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Chinese Food Explained: ShaoMai

Monica Chen | October 31, 2015 | | 3 Comments
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What is 烧卖 (shāo mài)?

Shao Mai (or shumai) is a traditional Chinese dumpling commonly found in 广东 (guǎng dōng), the Guangdong Province. It is often stuffed with pork or shrimp. Contrary to the stereotype that Chinese eat rice with every meal, it is perfectly fine to eat shao mai without rice. In fact, people don’t usually order rice with dim sum.

Dim… Sum?

Shao mai is a type of dim sum, or 點心 (diǎn xīn). Dim sum is a type of Cantonese style food which consists of small steamed or fried savory dumplings and dishes containing a variety of fillings. Separately, the two characters mean “point/dot” and “heart”, respectively. It is called such because when dim sum is made right, it is supposed to “touch your heart”. Note that dim sum is the Cantonese pronunciation while dian xin is the Mandarin pronunciation. When translated, dian xin literally means “dessert”, and only when used in the setting of a Cantonese-styled restaurant is it another term for dim sum. Shao mai is a must-have in Cantonese-styled restaurants because it is one of the most classic dim sum items.

Related: 8 Major Cuisine Types of China

History

Dim sum culture originated in Canton and was a type of snack in Cantonese tea shacks. Today it has developed into a type of main meal on weekend mornings for Chinese families. In China, dim sum places can open as early as 5 a.m., and in the United States you’ll commonly find them opening at around 10 a.m. for a more brunch-styled meal. That being said, don’t eat your dim sum with coffee; you will be judged, because you are supposed to have it with tea, not coffee. 

How is it Served?

The traditional way to serve shao mai or any dim sum is by pushing it around in a metal cart around the entire restaurant. Steamed dim sum--like shao mai--are served in bamboo steamers while other types are served in plates.

Whatever is made fresh that day will be put into the cart, and to order you simply call out to the servers circling around with carts for the dishes available. What will proceed to happen is you will get a stamp on an dim sum ordering chart in the box that is equivalent to its pricing. Dim sum prices are organized by 小(xiǎo), 中 (zhōng), and 大 (dà)--small, medium, and large. Don’t get too caught up with the physical size of the dim sum though, since it may not even match the size assigned.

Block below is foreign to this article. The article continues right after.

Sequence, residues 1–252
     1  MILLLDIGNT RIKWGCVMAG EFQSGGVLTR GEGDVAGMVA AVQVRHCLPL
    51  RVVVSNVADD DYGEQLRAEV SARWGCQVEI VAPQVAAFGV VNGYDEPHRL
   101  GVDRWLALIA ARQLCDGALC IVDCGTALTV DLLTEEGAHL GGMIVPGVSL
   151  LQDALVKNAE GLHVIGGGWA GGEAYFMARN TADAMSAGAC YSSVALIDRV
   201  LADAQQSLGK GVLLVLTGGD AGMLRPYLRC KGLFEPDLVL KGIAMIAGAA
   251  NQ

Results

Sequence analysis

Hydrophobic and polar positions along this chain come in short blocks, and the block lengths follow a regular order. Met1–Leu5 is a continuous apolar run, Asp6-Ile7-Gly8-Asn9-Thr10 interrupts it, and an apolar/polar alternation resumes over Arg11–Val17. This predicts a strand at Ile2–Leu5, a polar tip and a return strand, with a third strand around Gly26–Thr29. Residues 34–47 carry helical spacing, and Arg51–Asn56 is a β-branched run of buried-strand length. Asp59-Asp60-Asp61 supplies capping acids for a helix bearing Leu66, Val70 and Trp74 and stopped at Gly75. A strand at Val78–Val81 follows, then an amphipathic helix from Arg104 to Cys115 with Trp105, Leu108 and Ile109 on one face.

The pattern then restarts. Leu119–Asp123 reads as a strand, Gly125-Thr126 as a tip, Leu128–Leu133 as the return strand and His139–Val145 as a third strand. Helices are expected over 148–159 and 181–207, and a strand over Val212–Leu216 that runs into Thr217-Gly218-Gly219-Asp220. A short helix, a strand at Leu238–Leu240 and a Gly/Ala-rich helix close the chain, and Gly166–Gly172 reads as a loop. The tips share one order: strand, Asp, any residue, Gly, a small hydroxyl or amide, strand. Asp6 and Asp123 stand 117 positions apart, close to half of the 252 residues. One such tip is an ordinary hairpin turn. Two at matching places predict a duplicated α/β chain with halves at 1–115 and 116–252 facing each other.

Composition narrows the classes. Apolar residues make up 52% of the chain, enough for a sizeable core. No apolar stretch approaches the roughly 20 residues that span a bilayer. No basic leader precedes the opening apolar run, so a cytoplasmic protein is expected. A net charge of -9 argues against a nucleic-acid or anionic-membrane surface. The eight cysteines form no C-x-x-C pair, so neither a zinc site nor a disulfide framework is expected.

How Do You Make Shao Mai?

Shao mai is typically made with ground pork and shrimp, sometimes with a minimal amount of bamboo shoots or black mushrooms, and will be wrapped with a thin round sheet of unleavened dough. The shrimp should be marinated with baking soda to make the meat extra plump. Then when mixing the meats together, add pork fat, cornstarch, sesame oil, salt, white pepper, Shaoxing wine, and some finely grated ginger.

Now that you’ve got the stuffing, it’s time to wrap! Quality shao mai will be neatly covered with delicate wrappers that won’t break, and will be tender to the bite. Imagine shao mai is something like wontons, except that the meat is enveloped in a rose petal-like manner. Garnish the shao mai with fish roe on top for a delicate feel, and voila! Now all that is left to do is to steam your shao mai and eat it. If fish roe isn’t your thing, you can feel free to use whole peas or salted egg yolk instead.

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Monica Chen

Monica Chen

Monica Chen is a contributing writer at TutorMing. She grew up in California, before moving to New York to pursue a B.A. in Neuroscience at Columbia University. In her spare time, she enjoys food touring, painting, watching Youtube videos, and exercising.

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